For, well, ever, the Army required women soldiers to wear their hair in a bun -- until recently, when sweeping changes were made to Army grooming standards that allow women to wear ponytails and braids as well.
In part, that change in grooming standards (among others) was made to improve diversity and inclusion. But there are practical reasons as well. Dermatology consultants found that more than half of women experienced tension headaches due to tight buns, and many suffered hair loss.
And then there's this. Buns often made helmets fit poorly, limiting vision. So some female aviators took their hair down and braided it before flying. Solders often let their hair down and tucked it into their shirts on the firing range.
Yep: You couldn't do your real job, your (literally) mission-critical job -- flying a plane, firing a weapon, seeing clearly -- because you had to look "professional."
Which sounds crazy.
Yet it happens all the time.
When I was a manufacturing supervisor, the dress code specified khakis and button-down shirts. Sure, we looked professional, but those of us who had worked their way up through the ranks and knew our way around the machinery no longer wanted to crawl under equipment to help troubleshoot problems. Looking professional got in the way of being professional.
Because being professional has little to do with how you look, and everything to do with doing the job well.
Results matter. Conforming to an arbitrary standard doesn't.
The same was true where we worked. When my boss (very occasionally) made his way out to the shop floor, he often scolded me because I wasn't in my office. To him, being professional meant doing desk work. To me, being professional meant making sure we were as productive as possible -- and that meant spending as much time out on the production lines as possible. My looking professional -- at least in my boss's eyes -- got in the way of being professional.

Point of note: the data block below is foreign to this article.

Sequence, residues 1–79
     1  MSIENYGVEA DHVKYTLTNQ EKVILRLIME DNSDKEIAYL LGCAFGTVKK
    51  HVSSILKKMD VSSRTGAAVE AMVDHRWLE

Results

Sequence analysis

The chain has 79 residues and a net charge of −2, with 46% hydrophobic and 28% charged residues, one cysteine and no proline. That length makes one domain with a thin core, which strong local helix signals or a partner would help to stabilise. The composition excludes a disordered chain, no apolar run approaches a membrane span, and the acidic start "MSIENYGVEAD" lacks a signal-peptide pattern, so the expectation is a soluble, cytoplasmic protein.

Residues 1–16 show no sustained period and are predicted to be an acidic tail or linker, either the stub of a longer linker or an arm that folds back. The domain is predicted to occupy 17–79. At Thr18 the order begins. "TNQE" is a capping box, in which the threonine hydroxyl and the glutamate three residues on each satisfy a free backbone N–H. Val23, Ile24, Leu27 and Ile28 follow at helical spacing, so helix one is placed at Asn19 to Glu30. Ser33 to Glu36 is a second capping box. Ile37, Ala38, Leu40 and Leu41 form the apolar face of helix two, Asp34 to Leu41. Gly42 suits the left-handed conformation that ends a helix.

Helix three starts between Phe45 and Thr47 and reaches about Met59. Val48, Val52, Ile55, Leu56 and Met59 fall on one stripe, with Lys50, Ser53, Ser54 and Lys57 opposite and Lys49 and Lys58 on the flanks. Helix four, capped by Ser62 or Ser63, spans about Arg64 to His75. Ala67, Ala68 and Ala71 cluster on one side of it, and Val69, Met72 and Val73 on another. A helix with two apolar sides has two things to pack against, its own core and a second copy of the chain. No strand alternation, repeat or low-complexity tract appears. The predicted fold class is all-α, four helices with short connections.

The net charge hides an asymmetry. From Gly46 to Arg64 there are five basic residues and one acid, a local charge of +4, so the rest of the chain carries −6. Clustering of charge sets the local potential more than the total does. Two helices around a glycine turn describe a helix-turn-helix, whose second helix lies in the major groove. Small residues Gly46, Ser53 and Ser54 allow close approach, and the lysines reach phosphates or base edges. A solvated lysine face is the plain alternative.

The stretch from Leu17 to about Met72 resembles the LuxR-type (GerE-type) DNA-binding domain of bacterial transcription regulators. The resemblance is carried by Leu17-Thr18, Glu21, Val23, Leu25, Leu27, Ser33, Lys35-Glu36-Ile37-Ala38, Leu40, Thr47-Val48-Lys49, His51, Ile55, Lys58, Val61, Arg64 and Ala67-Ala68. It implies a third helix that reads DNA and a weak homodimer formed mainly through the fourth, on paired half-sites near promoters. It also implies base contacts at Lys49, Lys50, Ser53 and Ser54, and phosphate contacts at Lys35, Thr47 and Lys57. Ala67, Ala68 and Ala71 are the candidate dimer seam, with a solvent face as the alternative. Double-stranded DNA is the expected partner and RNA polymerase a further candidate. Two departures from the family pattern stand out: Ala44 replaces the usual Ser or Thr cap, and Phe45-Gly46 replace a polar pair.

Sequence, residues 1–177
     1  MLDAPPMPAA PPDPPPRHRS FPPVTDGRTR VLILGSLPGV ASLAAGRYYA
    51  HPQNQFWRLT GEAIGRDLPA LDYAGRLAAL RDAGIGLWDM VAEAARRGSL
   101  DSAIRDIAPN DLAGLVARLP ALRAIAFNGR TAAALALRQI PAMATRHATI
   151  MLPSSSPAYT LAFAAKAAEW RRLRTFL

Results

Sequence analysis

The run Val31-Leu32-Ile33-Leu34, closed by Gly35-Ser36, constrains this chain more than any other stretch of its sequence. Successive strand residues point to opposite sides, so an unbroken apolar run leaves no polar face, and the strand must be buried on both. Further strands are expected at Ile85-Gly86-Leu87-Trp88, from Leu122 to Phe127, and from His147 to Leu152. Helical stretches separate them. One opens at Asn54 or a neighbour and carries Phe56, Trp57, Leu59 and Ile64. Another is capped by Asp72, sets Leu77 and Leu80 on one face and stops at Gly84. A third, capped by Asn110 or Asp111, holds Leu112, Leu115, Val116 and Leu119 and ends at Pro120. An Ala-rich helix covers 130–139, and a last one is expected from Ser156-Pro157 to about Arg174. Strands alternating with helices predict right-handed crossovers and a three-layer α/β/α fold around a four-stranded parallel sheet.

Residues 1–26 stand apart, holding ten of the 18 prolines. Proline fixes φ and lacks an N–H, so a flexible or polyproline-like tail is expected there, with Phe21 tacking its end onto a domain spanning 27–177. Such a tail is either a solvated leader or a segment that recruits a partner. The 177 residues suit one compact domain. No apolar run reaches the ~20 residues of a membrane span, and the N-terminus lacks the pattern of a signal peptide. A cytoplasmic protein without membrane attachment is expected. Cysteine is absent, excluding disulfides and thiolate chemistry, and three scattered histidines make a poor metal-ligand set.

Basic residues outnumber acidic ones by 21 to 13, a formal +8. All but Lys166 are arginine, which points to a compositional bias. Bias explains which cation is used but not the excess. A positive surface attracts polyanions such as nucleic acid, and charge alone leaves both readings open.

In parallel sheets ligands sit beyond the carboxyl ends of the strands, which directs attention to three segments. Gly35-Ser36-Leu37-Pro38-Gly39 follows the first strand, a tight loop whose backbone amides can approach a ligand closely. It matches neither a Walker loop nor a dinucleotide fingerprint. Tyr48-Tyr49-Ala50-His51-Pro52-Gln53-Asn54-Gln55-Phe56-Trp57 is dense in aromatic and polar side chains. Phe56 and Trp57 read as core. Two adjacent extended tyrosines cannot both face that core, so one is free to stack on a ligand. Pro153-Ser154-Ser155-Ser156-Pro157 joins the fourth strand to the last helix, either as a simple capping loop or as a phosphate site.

Because being professional has little to do with where you work, and everything to do with doing the job well.
Results matter. Not butts in seats.
Over the past year, plenty of people dressed differently. Worked from different locations. Worked different schedules. Were less "professional," at least by conventional standards.
Yet were just as, if not more, professional by the only standard that really matters: Getting the right things done.
So before you go back to business as usual, consider whether some of your policies or guidelines or cultural norms are more arbitrary than justified.
Women soldiers wearing their hair in a bun? Someone, somewhere along the way, decided that was the right look -- without considering whether conforming to a grooming standard made a negative impact on outcomes with actual meaning.
Expecting employees to dress a certain way even if they never interact with customers in person? Somewhere along the way you decided that was the right look -- but does it actually improve performance? Probably not.
Expecting employees to be in the office every day, even if they've spent the last year kicking ass while working remotely? You may think constant physical presence is important -- but does it actually improve performance? Probably not.
Take a step back and think about what your business needs to accomplish. If a guideline or cultural norm makes it harder to accomplish any of those things, scrap it. If a guideline or cultural norm doesn't help to accomplish any of those things, scrap it.
Then your employees will not only accomplish more, but they'll also feel a greater sense of inclusion.
Since one size never fits all, the fewer arbitrary "sizes" you put in place, the less you -- and more importantly, your employees -- will need to worry that one of those sizes won't fit.